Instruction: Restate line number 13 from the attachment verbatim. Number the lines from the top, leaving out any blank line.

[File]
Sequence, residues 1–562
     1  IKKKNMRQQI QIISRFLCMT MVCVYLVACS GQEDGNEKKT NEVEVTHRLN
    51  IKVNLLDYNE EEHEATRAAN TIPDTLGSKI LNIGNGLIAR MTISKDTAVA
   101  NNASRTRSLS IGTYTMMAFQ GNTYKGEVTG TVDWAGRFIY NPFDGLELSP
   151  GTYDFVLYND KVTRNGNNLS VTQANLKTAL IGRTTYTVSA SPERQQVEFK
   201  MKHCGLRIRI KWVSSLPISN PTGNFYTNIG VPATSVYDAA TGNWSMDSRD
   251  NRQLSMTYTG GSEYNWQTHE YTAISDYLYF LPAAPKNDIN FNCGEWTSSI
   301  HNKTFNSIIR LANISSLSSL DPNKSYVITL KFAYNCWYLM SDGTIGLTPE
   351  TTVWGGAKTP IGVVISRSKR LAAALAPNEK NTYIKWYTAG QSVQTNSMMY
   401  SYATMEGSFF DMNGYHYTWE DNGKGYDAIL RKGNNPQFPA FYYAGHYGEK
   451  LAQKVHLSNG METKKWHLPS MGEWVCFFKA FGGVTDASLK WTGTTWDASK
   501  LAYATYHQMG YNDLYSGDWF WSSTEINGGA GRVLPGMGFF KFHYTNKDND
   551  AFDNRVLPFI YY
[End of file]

   551  AFDNRVLPFI YY